I am increasingly realizing that pride is not a sin of ambition, but a sin of delusion. This is a valuable revelation to me, for pride is my greatest temptation. If there is a point on which Christ and my nature are most at odds, it is here. From my perspective, it is a virtue. Indeed, my natural system of morality is based upon it. Certain sins I consider beneath me, certain virtues worthy of me pursuing them. When I fail or do not measure up to what is required, it is my pride that urges me to improve. Pride, I might think, is the noblest feature I have – the urge to be the best human being I possibly can be, and a pleasure at my progress towards that goal.

Why, then, is Christianity so hard on what seems to me to be the most sterling of all virtues? Here I do not see pride praised for causing men to strive for greatness. Instead I see Isaiah 14 – “How you have fallen from heaven, morning star, son of the dawn! You have been cast down to the earth, you who once laid low the nations! You said in your heart, ‘I will ascend to the heavens; I will raise my throne above the stars of God; I will sit enthroned on the mount of assembly, on the utmost heights of Mount Zaphon. I will ascend above the tops of the clouds; I will make myself like the Most High.’ But you are brought down to the realm of the dead, to the depths of the pit.”

Yet it seems to me that man’s quest to become like God is the noblest quest possible. The journey for perfection, fulfillment, enlightenment – this is what our culture reveres. And yet, when man attempts to achieve greatness, he is thrown down “to the depths of the pit.” It is tempting to believe that God is threatened by our attempts at perfection, striking us down lest we overthrow him.

But this cannot be true, for elsewhere we are told that “God created man in his own image,” and that we are called to “be perfect, even as our heavenly Father is perfect” (Genesis 1, Matthew 5). Either God is a hypocrite, or there is a deeper meaning that we are missing.

For God to not be contradicting Himself there must be some contexts or ways in which it is virtuous to strive to become more like Him and others in which it is not, or – to put it another way – certain aspects of His nature we are called to emulate and others we are not. And here we come to an interesting facet of the Christian God. Not only is he composed of the Trinity, three aspects of Godhead in one Deity; those aspects are also all very different while still being called “perfect.” One the one hand, we see God the Father, source of all authority and glory and majesty, who is above all kings and nations; on the other we see Jesus Christ the Son, utterly obedient to his Father, doing only that which the Father sends him to do, even unto death.

So the Christian God is the synthesis of these opposites, of glory and humility, of authority and obedience. And so we begin to see the solution to our problem. If perfection takes two different forms – one of perfect authority, the other of perfect servitude – then our pursuit of perfection can take two different forms as well. And this is where Christianity truly parts ways with the world: not in the pursuit of excellence, but in what form of excellence we ought to pursue.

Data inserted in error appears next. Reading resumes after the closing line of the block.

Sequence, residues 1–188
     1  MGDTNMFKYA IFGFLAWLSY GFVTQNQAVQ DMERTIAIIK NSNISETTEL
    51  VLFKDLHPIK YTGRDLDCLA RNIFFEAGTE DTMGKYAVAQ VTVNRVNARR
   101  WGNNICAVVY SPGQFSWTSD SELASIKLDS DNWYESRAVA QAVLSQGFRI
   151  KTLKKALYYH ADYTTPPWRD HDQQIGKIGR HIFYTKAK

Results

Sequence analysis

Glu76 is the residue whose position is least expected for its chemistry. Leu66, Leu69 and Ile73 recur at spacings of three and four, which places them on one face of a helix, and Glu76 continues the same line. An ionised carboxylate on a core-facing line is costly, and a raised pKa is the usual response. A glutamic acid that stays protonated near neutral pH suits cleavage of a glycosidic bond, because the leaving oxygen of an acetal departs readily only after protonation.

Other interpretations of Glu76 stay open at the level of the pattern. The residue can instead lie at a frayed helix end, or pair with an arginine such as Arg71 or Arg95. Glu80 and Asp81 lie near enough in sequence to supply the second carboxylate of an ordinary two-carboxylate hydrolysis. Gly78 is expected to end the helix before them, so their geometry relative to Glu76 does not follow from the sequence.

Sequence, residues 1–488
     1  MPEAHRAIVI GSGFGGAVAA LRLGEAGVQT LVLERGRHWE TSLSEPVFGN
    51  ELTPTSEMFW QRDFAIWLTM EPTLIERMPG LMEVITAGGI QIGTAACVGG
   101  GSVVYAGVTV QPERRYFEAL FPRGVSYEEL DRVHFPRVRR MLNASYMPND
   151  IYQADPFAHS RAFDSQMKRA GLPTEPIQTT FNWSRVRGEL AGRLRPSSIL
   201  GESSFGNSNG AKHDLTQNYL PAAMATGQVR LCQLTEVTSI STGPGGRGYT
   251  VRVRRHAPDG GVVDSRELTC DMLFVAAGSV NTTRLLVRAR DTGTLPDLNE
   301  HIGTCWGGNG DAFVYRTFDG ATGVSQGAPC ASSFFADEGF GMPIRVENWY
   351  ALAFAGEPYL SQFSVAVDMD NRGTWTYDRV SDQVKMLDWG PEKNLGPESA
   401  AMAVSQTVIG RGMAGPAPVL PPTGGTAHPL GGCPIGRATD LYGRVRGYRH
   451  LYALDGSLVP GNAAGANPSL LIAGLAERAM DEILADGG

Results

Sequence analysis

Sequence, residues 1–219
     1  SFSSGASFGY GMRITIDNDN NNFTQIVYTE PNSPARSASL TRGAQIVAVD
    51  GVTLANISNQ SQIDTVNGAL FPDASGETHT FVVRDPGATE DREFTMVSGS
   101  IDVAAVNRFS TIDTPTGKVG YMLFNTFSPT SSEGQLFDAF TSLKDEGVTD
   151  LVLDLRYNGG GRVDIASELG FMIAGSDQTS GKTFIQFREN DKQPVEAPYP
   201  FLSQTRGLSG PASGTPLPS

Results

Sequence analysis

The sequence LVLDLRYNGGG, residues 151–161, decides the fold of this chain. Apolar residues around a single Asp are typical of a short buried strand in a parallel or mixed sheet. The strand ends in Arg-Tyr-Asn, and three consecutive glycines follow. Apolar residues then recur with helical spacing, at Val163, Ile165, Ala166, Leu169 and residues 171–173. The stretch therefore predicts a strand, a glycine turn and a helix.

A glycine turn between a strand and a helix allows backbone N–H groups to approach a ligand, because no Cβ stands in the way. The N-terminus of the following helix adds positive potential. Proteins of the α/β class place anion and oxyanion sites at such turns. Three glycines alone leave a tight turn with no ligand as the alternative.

Self-dominion is the cornerstone of my natural thought processes outside of Christ. I control my own destiny, it is my will that determines my decisions. I may rule myself justly, imposing certain standards, but it is important that I do the ruling. I am responsible for my ethics, my actions, my success, and feel justified in my pride when I achieve excellence and more complete self-control. None of this smells of sin to me – indeed, it feels noble to envision Man as captain of his own fate, on a determined odyssey to remake Himself in a more perfect image.

And yet this is not what Christianity offers us. Yes, we are captains of our fate, but we are deaf and blind and our ship is heading for the reef. We have been given this captaincy in order that we might freely and willingly turn it over to the true Captain, surrender our ship and precious authority that the odyssey may be completed. We will be remade in His image, not our own, and we will not be remade by attempting to be as good a captain as our Leader, but by striving to be perfect in our obedience to Him. Then, in the sweetest irony in all of Christianity, we will become like Him. When we – blind and deaf and power-hungry as we are – give up authority, then we will be made whole and have our authority returned to us, and just as our Captain rules us perfectly, we will obey Him perfectly, and thus be perfect as He is perfect.

This is the sin of pride – not a desire to see our odyssey completed, but a determination to be at the helm when we arrive. It is not a threat to God’s superiority or sovereignty, but a threat to our own salvation. Chained to the wheel as we are, we are doomed; thanks be to the God who frees us!